5 Myths About Stress Every Woman Needs To Be Aware Of

Posted: March 14, 2014

While women do face high amounts of stress because of balancing work and home, multi-tasking and unrealistic expectations (from self and others), much of what we know about stress is a myth!

Think stress is a big villain in your life? It may not always as bad as we make it out to be. There is a lot of false information about stress that we accept as common wisdom. In this article, we debunk some of the common myths about stress.

Myth 1: Stress is always deadly

Stress routinely gets such a bad rap that as a society we have become neurotic and paranoid about every little thing that upsets us. Stress is made out to be something that can even kill us.

However, an analysis of 300 studies about the relationship between stress and the human immune system found no significant evidence to suggest that stress makes normally healthy people susceptible to illness. The immune system can take a beating and still function, so it is unnecessary to worry about intermittent stress that is part of life.

But if you are chronically stressed, or you have low immunity to start with, you need to be careful to not aggravate stress.

Myth 2: Stress is always caused by negative circumstances

Stress is a natural response to tragic events such as death, divorce, job loss, accidents, fatal illnesses, etc. But it is not just tragedies that cause stress; positive events can also trigger it on occasion. Anything that upsets your normal routine and elicits strong emotions can lead to stress.

For women, some common stressors could include when you get married, have a baby, start a new job, move someplace new, or start college – your body goes through the same stress response. Even children respond with stress to some positive events such as getting a new pet, birthday parties, and the birth of siblings.

It is not the event itself that causes stress, but rather your emotional response to the event.

Myth 3: If you can control difficult circumstances, you control stress

If you are a naturally anxious person, you may try to control everything that happens in your life in order to avoid stress; but the truth is that no matter how much you try, certain situations are still out of your control. For example, you cannot control the behaviour of other people, natural disasters, traffic jams, or other similar situations that are simply out of your hands. The only thing that you can control is your response to these events.

Remember the serenity prayer, “God grant in the serenity to accept the things I cannot change, courage to change things I can, and wisdom to know the difference.”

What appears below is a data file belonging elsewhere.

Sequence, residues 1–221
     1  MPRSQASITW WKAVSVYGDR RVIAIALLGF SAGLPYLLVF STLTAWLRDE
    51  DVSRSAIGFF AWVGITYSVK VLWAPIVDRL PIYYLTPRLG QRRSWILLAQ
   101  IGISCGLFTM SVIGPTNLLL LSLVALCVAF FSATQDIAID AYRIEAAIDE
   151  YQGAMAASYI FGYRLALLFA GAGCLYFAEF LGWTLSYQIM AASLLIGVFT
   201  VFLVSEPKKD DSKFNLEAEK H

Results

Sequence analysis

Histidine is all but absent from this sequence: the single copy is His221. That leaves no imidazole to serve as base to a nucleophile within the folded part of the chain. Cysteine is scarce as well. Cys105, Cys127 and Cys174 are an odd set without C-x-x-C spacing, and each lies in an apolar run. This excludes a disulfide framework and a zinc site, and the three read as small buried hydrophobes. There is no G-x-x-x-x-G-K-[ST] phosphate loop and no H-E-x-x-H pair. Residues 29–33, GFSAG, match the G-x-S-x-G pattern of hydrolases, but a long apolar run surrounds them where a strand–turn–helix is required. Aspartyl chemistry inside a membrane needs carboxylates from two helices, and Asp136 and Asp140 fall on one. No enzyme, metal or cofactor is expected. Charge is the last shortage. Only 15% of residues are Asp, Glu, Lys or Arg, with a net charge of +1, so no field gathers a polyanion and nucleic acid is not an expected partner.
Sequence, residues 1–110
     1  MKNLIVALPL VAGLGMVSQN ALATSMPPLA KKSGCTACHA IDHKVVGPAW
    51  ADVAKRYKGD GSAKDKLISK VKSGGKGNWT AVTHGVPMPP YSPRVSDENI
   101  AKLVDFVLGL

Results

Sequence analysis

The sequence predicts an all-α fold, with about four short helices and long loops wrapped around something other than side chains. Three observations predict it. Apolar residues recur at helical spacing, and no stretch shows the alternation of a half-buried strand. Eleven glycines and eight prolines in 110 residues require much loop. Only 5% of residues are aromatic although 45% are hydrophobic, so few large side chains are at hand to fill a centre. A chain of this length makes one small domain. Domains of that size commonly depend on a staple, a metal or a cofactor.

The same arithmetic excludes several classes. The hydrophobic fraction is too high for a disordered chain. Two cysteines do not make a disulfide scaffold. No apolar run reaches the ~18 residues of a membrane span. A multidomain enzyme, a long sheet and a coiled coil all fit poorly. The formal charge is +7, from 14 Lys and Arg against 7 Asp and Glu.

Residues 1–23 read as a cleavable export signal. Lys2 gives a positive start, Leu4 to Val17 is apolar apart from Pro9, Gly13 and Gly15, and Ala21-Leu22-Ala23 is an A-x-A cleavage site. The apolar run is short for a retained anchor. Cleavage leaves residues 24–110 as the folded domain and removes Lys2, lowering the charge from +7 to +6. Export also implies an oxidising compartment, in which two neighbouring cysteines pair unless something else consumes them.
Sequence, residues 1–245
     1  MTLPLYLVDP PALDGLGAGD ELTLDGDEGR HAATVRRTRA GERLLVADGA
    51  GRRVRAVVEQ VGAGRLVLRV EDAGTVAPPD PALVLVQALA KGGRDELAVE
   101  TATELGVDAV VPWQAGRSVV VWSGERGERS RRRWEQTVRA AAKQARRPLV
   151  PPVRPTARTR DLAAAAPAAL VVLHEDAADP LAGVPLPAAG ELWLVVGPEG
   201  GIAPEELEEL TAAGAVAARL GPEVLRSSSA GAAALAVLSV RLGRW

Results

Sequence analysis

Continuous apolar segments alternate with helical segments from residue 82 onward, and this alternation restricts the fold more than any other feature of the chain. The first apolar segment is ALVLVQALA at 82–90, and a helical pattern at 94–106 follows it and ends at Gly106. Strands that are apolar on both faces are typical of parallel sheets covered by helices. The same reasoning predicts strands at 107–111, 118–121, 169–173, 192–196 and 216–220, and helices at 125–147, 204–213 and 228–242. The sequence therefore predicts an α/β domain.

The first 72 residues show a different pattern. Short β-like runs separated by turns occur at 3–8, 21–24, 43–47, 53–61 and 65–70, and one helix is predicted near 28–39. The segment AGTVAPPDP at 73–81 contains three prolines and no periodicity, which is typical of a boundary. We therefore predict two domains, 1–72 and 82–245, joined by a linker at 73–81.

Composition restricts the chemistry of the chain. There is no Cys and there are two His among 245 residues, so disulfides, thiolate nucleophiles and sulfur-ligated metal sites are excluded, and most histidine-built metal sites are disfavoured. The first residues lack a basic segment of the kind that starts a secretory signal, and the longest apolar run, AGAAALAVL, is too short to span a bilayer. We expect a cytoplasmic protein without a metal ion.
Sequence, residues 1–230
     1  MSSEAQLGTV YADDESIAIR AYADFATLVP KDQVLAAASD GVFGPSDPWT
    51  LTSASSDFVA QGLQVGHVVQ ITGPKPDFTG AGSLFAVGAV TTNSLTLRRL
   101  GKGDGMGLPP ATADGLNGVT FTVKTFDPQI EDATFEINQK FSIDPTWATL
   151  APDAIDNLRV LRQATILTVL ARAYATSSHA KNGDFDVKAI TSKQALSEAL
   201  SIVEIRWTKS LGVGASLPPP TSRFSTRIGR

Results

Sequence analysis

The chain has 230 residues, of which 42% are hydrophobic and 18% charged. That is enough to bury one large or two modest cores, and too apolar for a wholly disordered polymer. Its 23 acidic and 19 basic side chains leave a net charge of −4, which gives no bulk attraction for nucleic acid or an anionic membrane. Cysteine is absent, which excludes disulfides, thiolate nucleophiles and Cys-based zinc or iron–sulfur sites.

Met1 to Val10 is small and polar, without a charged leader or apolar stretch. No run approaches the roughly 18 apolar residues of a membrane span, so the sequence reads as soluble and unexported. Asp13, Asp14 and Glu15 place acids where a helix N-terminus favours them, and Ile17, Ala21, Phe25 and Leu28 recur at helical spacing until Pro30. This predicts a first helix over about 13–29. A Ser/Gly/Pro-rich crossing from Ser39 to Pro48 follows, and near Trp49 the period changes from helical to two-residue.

A study on the influence of neuroticism, extraversion, and openness on stress responses found that the more open you are to novel experiences, the less likely you are to respond with stress to a new situation.

Even if you are neurotic or introverted, a positive stress response is a habit that anyone can cultivate with adequate practice.

Myth 4: A couple of drinks at the end of the day can help you de-stress

Downing a drink or two may lead to temporarily positive feelings because alcohol reduces the body’s normal physiological stress response. But long term heavy drinking can actually cause a lot of damage and even aggravate stress.

Stress and alcohol has a bi-directional relationship. Stress influences the motivation to consume alcohol, and alcohol influences your stress response. The stress-alcohol interaction also varies among individual drinkers.

Stress can reduce the pleasant effects of alcohol or increase the desire to drink more. In the real world, too much drinking leads to a host of issues that can only aggravate stress. Consuming alcohol in moderation is not harmful. But don’t drink to de-stress because it doesn’t happen like that.

Myth 5: You simply cannot avoid stress

Despite what it appears to be, it is not compulsory that you must feel stressed in response to a stressful event. Difficult situations will happen and you cannot always control them; that’s life. But while you do not have the power to prevent stressful situations from happening, you can always control how you react to it.

Plan your life in such a way that stress does not overwhelm you. Set your priorities right and identify the major stressors in your life. Tackles simple problems first and then move on to more complex ones.

Not all problems deserve the same amount of your attention. Learn to ignore what doesn’t matter and practice deliberately to change the way you respond to life situations. The practice of mindfulness is an excellent way to reduce stress reactions, and decrease the levels of cortisol aka the stress hormone.

Stress is definitely a part of modern life, but you do not have to be paranoid about it. Being aware of what stress truly is will help you manage it in a better way.

pic credit: topgold (Used under a Creative Commons license)

Nisha Salim is a self-employed writer and a social media junkie.

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